Standing in the shadow of the Tennessee Titans home turf at LP Field, the Davidson County Juvenile Justice Center on Woodland Street has been viewed as an inadequate facility by many court officials since it was built in 1994.
Now, a Davidson County grand jury is officially agreeing with that sentiment, saying a new facility may be needed at taxpayers’ expense.
“[The detention center] was not well thought out when it was built and that’s nobody’s fault now,” said Juvenile Court Judge Betty Adams Green. “But, we are still dealing with a number of issues.”
Those issues include not having enough shower stalls for the number of residents in the facility, smaller than normal classrooms that are too few in number, an uncovered courtyard serving as the only place for juveniles to play sports or exercise and the location of cells housing female inmates.
These issues recently caught the attention of the Davidson County grand jury, which filed a report last week emphasizing the need for an upgraded facility, or a new one completely.
The grand jury, as part of its service to the city, is asked to report on other areas of Metro government that have a hand in the administering of justice in Nashville.
“We are concerned that the design flaws may even contribute to unsafe situations and we strongly recommend either an upgrade or a new facility,” the reports states.
“It was clear to us that the services are being provided in a facility that has outgrown its usefulness for the population it serves.”
Currently, about 36 juveniles reside in the facility, two of which are female, with charges ranging from armed robbery to attempted burglary, according to Tim Adgent, Judicial Court Administrator.
They are required to complete 6.5 hours of school a day, including a break for physical education, which is conducted in the open courtyard that has become the focus of much of the staff’s aggravation.
“That’s probably the biggest single thing,” Green said.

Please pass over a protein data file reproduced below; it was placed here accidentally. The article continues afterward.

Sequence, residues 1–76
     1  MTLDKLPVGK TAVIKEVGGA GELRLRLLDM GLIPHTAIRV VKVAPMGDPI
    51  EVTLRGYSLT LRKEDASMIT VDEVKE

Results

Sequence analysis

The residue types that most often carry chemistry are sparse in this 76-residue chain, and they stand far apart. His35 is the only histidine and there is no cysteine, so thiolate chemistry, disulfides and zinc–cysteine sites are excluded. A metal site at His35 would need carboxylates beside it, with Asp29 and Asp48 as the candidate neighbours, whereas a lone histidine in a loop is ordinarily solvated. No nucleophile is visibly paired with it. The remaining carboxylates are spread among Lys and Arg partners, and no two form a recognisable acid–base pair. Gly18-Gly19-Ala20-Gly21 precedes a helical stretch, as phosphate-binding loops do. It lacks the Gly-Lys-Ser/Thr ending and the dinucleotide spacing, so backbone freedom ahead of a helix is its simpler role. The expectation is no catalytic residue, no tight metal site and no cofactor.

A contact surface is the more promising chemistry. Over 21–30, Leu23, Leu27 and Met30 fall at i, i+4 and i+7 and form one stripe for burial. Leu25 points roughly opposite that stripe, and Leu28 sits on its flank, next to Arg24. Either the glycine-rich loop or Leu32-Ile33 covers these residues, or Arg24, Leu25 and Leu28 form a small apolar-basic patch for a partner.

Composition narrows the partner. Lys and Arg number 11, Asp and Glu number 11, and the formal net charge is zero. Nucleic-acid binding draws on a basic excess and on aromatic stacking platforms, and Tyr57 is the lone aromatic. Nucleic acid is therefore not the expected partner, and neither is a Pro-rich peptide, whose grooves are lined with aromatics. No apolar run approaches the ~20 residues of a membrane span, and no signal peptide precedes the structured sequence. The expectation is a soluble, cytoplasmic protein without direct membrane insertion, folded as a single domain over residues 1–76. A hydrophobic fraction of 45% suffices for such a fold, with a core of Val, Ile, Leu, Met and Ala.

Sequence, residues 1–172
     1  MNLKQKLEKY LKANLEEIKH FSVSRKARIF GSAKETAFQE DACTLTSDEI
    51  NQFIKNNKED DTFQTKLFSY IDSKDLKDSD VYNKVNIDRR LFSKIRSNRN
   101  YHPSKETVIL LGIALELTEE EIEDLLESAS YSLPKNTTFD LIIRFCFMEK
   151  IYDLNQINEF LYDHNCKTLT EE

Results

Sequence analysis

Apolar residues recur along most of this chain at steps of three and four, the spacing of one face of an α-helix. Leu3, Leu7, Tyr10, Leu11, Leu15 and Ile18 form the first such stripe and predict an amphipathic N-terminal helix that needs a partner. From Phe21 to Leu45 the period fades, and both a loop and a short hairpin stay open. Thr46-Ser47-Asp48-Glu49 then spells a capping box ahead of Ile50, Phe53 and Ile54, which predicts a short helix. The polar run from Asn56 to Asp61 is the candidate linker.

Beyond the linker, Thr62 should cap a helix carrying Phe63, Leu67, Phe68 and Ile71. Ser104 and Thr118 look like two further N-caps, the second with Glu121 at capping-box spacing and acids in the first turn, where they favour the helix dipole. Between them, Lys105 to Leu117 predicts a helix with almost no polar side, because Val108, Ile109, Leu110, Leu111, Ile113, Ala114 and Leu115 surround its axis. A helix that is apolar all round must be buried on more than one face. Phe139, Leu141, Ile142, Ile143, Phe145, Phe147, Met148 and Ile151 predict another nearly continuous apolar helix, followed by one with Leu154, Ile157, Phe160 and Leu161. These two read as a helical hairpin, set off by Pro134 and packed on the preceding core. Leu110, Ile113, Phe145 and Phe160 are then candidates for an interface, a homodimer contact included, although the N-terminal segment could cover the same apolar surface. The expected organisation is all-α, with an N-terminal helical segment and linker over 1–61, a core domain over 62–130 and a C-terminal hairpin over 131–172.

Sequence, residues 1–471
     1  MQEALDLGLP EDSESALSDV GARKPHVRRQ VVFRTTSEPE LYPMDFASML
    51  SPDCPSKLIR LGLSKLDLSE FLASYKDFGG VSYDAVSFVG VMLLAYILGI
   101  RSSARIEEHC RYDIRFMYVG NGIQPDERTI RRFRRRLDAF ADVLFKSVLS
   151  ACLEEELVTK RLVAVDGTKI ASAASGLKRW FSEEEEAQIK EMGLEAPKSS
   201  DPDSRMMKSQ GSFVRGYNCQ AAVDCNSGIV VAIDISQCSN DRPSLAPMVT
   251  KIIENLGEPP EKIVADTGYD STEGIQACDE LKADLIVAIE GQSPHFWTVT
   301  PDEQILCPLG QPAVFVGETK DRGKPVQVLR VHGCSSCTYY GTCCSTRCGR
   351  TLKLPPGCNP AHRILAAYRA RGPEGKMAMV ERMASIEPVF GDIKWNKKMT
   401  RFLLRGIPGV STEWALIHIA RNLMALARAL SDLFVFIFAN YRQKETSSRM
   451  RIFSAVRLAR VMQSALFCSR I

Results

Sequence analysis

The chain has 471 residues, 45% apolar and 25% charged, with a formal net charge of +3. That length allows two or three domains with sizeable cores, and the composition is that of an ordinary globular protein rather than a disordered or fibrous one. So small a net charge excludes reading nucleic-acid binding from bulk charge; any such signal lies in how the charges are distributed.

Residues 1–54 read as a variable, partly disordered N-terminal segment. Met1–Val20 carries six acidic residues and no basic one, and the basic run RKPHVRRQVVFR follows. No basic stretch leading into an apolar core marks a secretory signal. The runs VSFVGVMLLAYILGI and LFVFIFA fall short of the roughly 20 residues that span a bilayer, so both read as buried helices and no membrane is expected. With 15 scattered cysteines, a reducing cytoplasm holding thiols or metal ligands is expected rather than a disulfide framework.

The courtyard cannot be used in extreme weather, including rain or snow and extreme heat. Juveniles are forced to then return to their pods, or groups of cells, to take a kind of study hall period, according to Adgent.
The spring weather yesterday was the perfect setting for a pick-up game of basketball, but Adgent said the addition of a roof over the courtyard would allow the juveniles many more days like that.
“As far as utilization of that, today is a wonderful day for them to be out there when school is over with, but if it was like last week, when we had rain and it was 30 degrees — forget about it,” he said yesterday morning.
Just as students in Metro schools around the city are required to attend classes, so are the inmates at the detention center.
Only, many of them must attend classes in the cafeteria, because there aren’t enough classrooms in the facility and the ones available are small.
They also lack some basic supplies, according to the grand jury, such as copy paper, finger paints, color pencils, computer equipment and library books.
“We just have to do the best we can,” said Patrick Curran, superintendent of the detention center.
Curran works for a private company, Group 4 Securicor, that contracts with the detention center to provide security.
He said many aspects of the facility, including not having enough shower stalls, insufficient cell size and the uncovered courtyard, cause the center to lose points during the accreditation process.
Currently, the Davidson County detention center is the only accredited juvenile jail by the American Correctional Association in the state, and has been since 2000, according to Curran.
Green said even some storage space in the facility had to be converted into housing.
Now, those two rooms, on either side of a hallway that leads to the courthouse attached to the center, house the female pods.
Because of the location of those rooms in relation to the courthouse door, guards are required to announce when all inmates are being transported, or taking a circuitous route, as to not compromise the privacy of the female inmates.
Adgent said it’s a hassle.
The facility can hold up to 48 inmates, and on average have around 40 at any given time. The average length of time a juvenile spends in the facility is around six to seven days, according to Adgent.